We all serve sentences. The difference is in our awareness of our sentences. Some of us intuit our sentences while not explicitly knowing that they're there. Others of us turn a blind eye to them, refusing to acknowledge their existence.
Growing up was one of my sentences. In a small southern town, when the Alpha girls turn against you, there's not much else except to pour yourself into your studies and your hobbies. There's something better waiting after graduation. And an unbearable life was bearable for the most part.
Open-ended sentences are harder to deal with. Those life sentences that actually feel like life sentences. Such as a really rough spell that Mr. Gaelic and I went through at one point in our marriage. The finite is easy. It's the infinite that crushes the bone.
Once again, a sentence is upon me. A sentence that is, thankfully, finite. Four years at the least, thirteen max. Four to pay for private Ivy college, thirteen for full retirement benefits. A friend wasn't satisfied with my reason for working -- to pay for college. She noted that we could always take out a loan to pay for college. Pressing harder, she made me evaluate the why of not wanting to take out a loan. Her pressure made me realize the reason was our dream retirement -- a house in the mountains of western North Carolina, eastern Tennessee, or southwestern Virginia. The floor plans are on the computer hard drive. She suggested I print it out, frame it, and put it on my desk.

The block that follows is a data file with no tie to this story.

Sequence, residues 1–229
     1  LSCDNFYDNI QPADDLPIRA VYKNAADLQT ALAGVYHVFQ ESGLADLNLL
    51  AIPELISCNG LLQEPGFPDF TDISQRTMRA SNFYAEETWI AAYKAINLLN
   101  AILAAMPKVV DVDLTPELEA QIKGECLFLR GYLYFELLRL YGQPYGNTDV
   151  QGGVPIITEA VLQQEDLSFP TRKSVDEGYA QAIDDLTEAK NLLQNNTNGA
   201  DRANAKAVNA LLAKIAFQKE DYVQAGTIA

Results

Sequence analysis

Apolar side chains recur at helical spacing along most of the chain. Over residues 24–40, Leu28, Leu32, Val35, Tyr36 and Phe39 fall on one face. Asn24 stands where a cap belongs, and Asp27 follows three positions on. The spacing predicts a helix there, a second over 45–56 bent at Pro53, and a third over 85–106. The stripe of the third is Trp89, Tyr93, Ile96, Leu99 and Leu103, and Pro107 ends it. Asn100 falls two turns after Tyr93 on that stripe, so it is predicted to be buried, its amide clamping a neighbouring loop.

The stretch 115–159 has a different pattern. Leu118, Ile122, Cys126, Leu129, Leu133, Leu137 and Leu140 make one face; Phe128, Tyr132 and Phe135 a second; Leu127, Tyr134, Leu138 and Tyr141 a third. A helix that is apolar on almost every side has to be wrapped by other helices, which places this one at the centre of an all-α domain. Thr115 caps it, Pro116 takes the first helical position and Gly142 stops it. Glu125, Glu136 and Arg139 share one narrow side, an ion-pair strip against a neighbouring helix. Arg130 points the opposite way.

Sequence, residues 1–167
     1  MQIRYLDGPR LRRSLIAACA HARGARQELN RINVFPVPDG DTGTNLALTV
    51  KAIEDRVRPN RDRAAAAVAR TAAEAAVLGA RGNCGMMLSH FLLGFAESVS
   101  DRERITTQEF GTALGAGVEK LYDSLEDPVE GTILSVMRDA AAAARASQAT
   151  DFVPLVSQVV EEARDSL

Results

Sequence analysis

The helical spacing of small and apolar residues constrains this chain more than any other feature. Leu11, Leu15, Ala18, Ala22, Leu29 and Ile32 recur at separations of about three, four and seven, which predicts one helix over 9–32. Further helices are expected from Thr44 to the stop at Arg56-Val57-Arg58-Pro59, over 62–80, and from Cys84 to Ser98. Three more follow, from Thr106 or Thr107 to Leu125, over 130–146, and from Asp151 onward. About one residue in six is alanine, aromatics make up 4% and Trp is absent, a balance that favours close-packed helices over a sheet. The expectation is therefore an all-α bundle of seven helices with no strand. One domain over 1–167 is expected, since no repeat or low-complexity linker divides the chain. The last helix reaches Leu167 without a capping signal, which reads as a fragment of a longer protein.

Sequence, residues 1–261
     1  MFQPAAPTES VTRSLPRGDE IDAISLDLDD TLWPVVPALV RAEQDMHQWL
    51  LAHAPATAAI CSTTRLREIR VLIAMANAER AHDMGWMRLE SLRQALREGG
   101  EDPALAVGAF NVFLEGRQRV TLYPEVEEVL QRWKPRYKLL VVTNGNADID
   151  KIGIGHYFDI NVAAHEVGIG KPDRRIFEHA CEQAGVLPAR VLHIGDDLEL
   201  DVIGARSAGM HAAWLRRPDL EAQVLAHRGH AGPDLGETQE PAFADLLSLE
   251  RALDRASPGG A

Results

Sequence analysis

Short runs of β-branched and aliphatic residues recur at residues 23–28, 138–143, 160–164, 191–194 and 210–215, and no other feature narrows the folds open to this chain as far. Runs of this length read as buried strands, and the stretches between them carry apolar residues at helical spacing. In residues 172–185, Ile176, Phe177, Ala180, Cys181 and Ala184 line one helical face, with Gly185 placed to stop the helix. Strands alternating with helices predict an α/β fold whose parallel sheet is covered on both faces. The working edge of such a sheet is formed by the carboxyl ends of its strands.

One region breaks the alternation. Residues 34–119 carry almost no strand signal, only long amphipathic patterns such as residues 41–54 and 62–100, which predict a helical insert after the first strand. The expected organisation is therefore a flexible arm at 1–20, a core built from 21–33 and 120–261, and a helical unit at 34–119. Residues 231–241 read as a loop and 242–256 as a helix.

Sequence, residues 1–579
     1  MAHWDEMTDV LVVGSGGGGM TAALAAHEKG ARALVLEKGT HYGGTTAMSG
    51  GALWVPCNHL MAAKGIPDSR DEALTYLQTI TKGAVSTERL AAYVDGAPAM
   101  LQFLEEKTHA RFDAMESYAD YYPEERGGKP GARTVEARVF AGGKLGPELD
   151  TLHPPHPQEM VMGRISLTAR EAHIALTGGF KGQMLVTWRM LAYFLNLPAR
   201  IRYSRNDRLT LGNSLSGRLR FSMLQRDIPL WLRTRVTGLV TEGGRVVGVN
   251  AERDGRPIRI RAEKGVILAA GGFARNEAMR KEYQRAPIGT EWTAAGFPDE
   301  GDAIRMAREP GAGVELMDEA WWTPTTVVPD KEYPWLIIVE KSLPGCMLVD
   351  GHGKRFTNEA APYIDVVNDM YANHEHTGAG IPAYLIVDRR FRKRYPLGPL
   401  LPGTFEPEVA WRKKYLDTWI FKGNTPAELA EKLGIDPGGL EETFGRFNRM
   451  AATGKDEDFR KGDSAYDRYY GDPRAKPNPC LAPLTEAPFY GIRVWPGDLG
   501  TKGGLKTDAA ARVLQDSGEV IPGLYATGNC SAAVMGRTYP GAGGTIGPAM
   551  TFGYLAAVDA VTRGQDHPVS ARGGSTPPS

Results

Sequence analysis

I did her one better. It's the wallpaper on my office computer.
When an IT person stopped by last week, he asked if that was my house. "Oh, no, that's my retirement house. That's why I'm doing this," as I motioned around the office.
As Nietzsche said, he who has a why to live can bear almost any how.
Music and Footsteps
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